The economic empowerment project of the Hillcrest AIDS Centre Trust, Woza Moya is a holistic HIV/AIDS project that was established in 1991. It started as a way to alleviate poverty and has since developed into so much more. Drawing on a co-operative of beaders and artisans, Woza Moya has used traditional beadwork in new and revolutionary ways, helping to define a contemporary design vernacular based on indigenous craftsmanship. For Xigera Safari Lodge, its beaders created a series of custom-made ottomans in a dizzying array of geometric patterns. Hundreds of hours of painstaking work went into creating the functional artworks, strip by strip, panel by panel.

Katy Taplin

Katy Taplin is one half of Dokter and Misses, a multi-disciplinary product design company, together with her husband Adriaan Hugo. Their respective industrial and graphic design skills combine to create work described as 'modernist, where strong construction lines and a bold use of colour create graphic shapes and spaces'. Their custom Kassena cabinets feature in each of our suites. Inspired by the patterned adobe structures built by the Kassena people who live in the Tiébélé region on the border of Ghana & Burkina Faso, the geometric patterns are derived from two literary texts in the Sotho and Tsonga languages.


Founded by designer and entrepreneur Akosua Afriyie-Kumi, AAKS aims to introduce the world to her favourite Ghanaian weaving techniques whilst creating sustainable jobs within Africa. Handcrafted in Ghana, AAKS creates raffia bags in styles that maintain the spirit and durability of their ancestral counterparts, characterised by bright exuberant colours. For Xigera Safari Lodge, AAKS produced a collection of handheld fans, waste paper and laundry baskets in unique colourways specific to the lodge’s individual suites. Made by hand, each item bears the fingerprints of the person who fashioned it, with a signature tag to celebrate authenticity.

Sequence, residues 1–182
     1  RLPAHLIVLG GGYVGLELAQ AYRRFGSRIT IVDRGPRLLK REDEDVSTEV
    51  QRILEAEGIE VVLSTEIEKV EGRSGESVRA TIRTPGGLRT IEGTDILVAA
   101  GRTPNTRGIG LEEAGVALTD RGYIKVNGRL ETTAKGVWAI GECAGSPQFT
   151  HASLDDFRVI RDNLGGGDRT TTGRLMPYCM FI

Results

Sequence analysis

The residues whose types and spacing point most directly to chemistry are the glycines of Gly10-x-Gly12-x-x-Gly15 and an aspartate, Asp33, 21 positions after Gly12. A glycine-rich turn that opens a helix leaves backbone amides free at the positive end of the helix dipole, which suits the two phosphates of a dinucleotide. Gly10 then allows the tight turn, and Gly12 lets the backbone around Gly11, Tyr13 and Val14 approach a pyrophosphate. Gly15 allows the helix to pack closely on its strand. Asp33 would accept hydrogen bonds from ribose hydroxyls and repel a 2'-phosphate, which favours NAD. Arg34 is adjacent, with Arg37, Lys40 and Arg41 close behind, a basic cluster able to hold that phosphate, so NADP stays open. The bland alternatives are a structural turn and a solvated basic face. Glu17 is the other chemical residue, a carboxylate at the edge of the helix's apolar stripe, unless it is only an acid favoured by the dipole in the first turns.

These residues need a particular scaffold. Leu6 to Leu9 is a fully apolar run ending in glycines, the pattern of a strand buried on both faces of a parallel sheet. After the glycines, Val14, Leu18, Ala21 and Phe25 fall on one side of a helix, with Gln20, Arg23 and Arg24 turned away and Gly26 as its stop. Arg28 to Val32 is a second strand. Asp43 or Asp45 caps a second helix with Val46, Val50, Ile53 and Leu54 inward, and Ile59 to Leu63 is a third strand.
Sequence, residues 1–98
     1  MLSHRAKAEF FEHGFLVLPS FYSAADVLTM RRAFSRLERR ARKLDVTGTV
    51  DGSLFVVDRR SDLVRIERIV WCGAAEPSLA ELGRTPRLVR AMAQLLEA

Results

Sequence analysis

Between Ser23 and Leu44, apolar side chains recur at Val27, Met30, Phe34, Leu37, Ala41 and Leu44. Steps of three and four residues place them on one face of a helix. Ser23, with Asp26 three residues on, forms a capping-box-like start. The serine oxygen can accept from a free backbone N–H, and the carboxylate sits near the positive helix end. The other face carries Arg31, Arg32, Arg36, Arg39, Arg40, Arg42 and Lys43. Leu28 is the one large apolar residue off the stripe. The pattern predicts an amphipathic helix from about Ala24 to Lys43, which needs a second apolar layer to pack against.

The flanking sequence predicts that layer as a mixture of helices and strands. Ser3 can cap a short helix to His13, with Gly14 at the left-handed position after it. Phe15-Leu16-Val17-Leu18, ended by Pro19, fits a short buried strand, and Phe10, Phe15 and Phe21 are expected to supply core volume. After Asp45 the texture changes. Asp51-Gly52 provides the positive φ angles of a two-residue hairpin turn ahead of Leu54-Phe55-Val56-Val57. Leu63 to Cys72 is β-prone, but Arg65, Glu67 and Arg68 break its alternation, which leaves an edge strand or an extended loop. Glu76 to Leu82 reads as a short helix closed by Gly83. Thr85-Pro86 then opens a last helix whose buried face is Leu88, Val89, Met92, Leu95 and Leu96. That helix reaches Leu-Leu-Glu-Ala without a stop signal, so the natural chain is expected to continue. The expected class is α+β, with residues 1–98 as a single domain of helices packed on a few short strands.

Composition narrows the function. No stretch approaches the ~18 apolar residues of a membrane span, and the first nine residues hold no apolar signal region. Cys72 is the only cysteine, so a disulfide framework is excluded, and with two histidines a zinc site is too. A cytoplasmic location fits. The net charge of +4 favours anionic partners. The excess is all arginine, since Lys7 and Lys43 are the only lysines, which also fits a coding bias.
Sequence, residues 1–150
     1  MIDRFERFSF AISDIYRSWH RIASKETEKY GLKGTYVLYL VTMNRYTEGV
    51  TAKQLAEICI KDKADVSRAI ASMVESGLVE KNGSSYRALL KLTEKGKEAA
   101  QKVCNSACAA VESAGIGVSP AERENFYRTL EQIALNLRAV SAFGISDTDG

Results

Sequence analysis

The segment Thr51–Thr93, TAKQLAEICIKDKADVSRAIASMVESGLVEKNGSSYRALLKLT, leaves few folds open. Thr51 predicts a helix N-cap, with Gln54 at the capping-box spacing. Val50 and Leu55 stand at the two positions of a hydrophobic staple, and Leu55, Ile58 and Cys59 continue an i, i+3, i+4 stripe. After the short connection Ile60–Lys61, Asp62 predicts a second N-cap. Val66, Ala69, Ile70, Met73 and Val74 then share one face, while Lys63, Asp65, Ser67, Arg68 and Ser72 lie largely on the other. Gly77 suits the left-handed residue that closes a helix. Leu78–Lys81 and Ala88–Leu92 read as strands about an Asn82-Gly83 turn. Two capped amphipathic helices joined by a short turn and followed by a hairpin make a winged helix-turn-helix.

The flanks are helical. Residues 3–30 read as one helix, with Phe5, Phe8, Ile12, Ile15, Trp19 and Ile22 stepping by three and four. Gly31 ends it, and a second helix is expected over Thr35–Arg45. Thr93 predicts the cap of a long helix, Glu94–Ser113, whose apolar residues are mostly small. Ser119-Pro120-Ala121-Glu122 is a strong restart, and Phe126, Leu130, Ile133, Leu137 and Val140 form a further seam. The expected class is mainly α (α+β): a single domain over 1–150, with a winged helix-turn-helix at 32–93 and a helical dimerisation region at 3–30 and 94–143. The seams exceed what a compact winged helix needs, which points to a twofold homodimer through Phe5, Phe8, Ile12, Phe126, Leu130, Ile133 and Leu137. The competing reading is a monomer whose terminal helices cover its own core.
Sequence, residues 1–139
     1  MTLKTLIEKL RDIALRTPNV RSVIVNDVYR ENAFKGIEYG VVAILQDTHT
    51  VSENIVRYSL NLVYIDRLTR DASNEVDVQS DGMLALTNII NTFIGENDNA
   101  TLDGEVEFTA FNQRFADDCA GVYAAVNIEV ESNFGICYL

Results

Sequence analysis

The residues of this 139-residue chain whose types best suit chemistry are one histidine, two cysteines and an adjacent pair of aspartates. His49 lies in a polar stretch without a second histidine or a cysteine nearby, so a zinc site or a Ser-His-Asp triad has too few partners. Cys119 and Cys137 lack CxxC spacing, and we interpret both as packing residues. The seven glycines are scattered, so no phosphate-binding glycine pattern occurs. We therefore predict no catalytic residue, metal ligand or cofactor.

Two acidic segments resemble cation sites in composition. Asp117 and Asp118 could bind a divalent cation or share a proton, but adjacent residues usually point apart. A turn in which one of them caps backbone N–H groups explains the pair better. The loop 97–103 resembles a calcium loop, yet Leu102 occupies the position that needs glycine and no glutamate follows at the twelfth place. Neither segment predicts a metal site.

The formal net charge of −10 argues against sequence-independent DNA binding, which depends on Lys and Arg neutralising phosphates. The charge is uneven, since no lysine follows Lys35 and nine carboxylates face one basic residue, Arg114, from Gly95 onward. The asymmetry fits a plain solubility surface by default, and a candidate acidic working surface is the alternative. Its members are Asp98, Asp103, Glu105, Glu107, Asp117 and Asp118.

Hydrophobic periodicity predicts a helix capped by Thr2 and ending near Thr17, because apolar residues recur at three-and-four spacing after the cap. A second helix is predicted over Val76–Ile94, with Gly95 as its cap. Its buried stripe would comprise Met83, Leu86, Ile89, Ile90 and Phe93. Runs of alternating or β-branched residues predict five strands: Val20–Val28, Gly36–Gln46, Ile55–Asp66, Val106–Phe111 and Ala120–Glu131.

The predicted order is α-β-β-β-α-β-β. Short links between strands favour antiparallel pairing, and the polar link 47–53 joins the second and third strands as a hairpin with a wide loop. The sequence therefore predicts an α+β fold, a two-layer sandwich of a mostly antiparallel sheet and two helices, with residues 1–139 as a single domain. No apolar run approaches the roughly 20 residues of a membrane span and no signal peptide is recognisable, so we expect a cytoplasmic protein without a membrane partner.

Zizipho Poswa

Based in Cape Town, Zizipho Poswa’s unique ceramic vessels are bold declarations of African womanhood, inspired by her own narrative as a Xhosa woman and artist living in contemporary South Africa. Zizipho grew up in the town of Mthatha in the Eastern Cape, a stronghold of Xhosa culture. She was raised by her mother, a teacher, who recognised her creativity from a young age and did everything within her means to support it. She studied surface design, majoring in textiles, at the Port Elizabeth Technikon and draws on this textile knowledge to amalgamate the visual stimuli she encounters in her daily life into a simplified pattern language. Her totemic Umthwalo series is an ode to the load carried by African women and the traditional tasks of gathering wood, collecting water and taking bucket loads of clothing to wash in the river. For the artist, who witnessed these daily rituals as a young girl, this balancing act is analogous to the multiple life-sustaining roles that African women play as they bridge traditional and modern worlds.